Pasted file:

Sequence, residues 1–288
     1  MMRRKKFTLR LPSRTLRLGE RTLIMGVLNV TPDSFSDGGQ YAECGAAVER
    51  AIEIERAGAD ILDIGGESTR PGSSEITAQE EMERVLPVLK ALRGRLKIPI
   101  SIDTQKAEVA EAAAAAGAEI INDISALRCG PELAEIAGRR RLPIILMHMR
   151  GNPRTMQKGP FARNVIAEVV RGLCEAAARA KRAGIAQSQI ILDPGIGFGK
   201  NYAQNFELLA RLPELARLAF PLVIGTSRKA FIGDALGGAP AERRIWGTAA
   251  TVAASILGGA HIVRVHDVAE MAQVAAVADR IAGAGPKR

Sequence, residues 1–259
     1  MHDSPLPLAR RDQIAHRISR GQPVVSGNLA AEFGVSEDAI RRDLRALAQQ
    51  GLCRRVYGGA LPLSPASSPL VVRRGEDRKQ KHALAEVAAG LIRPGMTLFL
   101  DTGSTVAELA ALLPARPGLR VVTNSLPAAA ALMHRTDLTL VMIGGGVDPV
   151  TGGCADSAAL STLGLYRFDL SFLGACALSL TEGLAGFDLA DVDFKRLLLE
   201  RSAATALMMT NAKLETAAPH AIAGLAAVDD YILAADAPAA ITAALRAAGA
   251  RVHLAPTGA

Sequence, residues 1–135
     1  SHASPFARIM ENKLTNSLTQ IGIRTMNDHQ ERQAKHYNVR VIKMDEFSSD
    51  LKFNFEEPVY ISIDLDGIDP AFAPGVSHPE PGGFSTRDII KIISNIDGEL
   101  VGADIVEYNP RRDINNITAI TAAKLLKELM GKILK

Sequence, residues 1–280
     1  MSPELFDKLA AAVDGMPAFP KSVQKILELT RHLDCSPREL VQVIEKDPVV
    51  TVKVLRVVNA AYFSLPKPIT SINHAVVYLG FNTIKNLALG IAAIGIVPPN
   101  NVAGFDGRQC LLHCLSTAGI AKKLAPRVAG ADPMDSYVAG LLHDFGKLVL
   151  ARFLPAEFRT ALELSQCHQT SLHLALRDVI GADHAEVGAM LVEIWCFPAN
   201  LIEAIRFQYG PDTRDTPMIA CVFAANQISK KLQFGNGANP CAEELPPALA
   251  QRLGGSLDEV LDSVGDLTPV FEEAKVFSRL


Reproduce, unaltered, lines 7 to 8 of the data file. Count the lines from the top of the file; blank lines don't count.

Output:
   251  TVAASILGGA HIVRVHDVAE MAQVAAVADR IAGAGPKR

Sequence, residues 1–259